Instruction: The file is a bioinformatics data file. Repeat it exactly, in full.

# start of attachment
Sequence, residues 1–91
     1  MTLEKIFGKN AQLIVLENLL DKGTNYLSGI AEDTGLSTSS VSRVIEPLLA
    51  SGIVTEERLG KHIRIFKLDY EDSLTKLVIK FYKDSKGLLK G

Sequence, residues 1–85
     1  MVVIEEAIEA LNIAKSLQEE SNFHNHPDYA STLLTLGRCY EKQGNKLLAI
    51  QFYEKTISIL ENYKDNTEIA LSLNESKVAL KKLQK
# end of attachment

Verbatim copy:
Sequence, residues 1–91
     1  MTLEKIFGKN AQLIVLENLL DKGTNYLSGI AEDTGLSTSS VSRVIEPLLA
    51  SGIVTEERLG KHIRIFKLDY EDSLTKLVIK FYKDSKGLLK G

Sequence, residues 1–85
     1  MVVIEEAIEA LNIAKSLQEE SNFHNHPDYA STLLTLGRCY EKQGNKLLAI
    51  QFYEKTISIL ENYKDNTEIA LSLNESKVAL KKLQK